, richard nixon, to eisenhower, fdr, woodrow wilson, william mckinley, ulysses s. grant, abraham lincoln, anger jackson, james monroe, james madison, thomas jefferson, and george washington. down on the national mall where the crowds are gathering, we have a reporter in the middle of everything. >> right from a capital, in the middle of the national mall, three ladies with us and make the journey to this and operation. >> i am gloria, from seattle. >> michelle, new york. >> marion, pennsylvania. >> you decided to meet here. >> we are all three sisters. >> why did you decide to come to washington for the 57 and operation? >> i think we regretted not being here quarter years ago. we decided we would not miss it this time around. >> we never thought about it or we did not think it is possible to come altogether. >> how did this all happened? how did each of you get here? >> i drove up from pennsylvania. >> i flew in. >> gives me an average cost of how much this will come to, the bill to be here in washington and to stay overnight. >> probably over $2,000. hotel're able to find a and do all
. >> of course, there was lincoln's second inaugural where he talked about the wounds of the nation. we know that the president has been working on this president for weeks and major garrett, our chief white house correspondent, is at the white house this morning with a little bit of insight on what we might hear today. >> well, good morning, scott. those closest to the president tell us this speech is in the moment and it's going to talk, they hope, credibly, believably about responsibilities ahead. and the prospect for not only bipartisan compromise, and things that didn't seem achievable four years ago. it might be worth reminding us ourselves how the president ended first inaugural address four years ago. scott, the president talked about america being in the midst of a winter of our hardship and he urged the nation to brave icy currents and to endure whatever storms may come. there was a sense of forboding then, a sense of crisis, both economic and otherwise, that white house advisers that he feels is no longer as present now as it was then. so that's part of the optimistic note he'll s
: and abraham lincoln's, delivered to a nation divided by civil war. >> with malice toward none, with charity for all. >> reporter: a third theme, renewing our commitment to the values of our founding fathers. perhaps it's surprising the president found inspiration in the words of this former a adversa adversary. >> there can be no human rights without human liberty. >> reporter: aides tell us that, although the president disagrees with mr. bush's policy, he's moved by the speech's democratic principles. >> freedom by its nature must be chosen and defended by citizens. >> reporter: a message, aides say, the president will echo today, as he did at the white house last week. >> that most fundamental set of rights, to life and liberty and the pursuit of happiness. those rights are at stake. we're responsible. >> reporter: of all his predecessors, the president says he is most inspired by president lincoln. >> that government of the people, by the people, for the people shall not perish from the earth. >> reporter: in november, mr. obama screened steven spielberg's movie "lincoln" at the white ho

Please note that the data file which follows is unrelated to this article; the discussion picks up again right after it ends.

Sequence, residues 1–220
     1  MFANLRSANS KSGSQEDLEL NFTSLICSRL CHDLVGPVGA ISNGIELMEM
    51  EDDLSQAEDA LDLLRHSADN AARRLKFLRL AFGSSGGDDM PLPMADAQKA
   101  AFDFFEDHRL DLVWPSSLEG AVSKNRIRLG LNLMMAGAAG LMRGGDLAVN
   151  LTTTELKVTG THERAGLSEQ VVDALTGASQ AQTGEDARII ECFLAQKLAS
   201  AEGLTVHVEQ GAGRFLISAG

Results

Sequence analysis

in abraham lincoln's inauguration another belonging to dr. martin luther king jr. who we honor today. the president referenced the slain civil rights leader prominently in the remarks. he took on gay rights and immigration and entitlements and the deep political divide across our nation. first to the parade route. john roberts will travel with the parade along pennsylvania avenue if the technical gods allow it. john, good afternoon. >> so far the gods are with us. if we could spin the camera over here a little bit you can see the east front of the capitol the president will join the motorcade coming out of the driveway from the east front to the constitution avenue. this will be in the next hour and a half to two hours. the parade is 1.5 mile long including a mix of civilian and military contributions, mostly marching bands and a lost floats that will be brought in from the civilian side of things something implemented in 1841 by william henry harrison. you will know he liked to do things big. he had the longist inaugural address of anyone at two hours in horrible weather and he did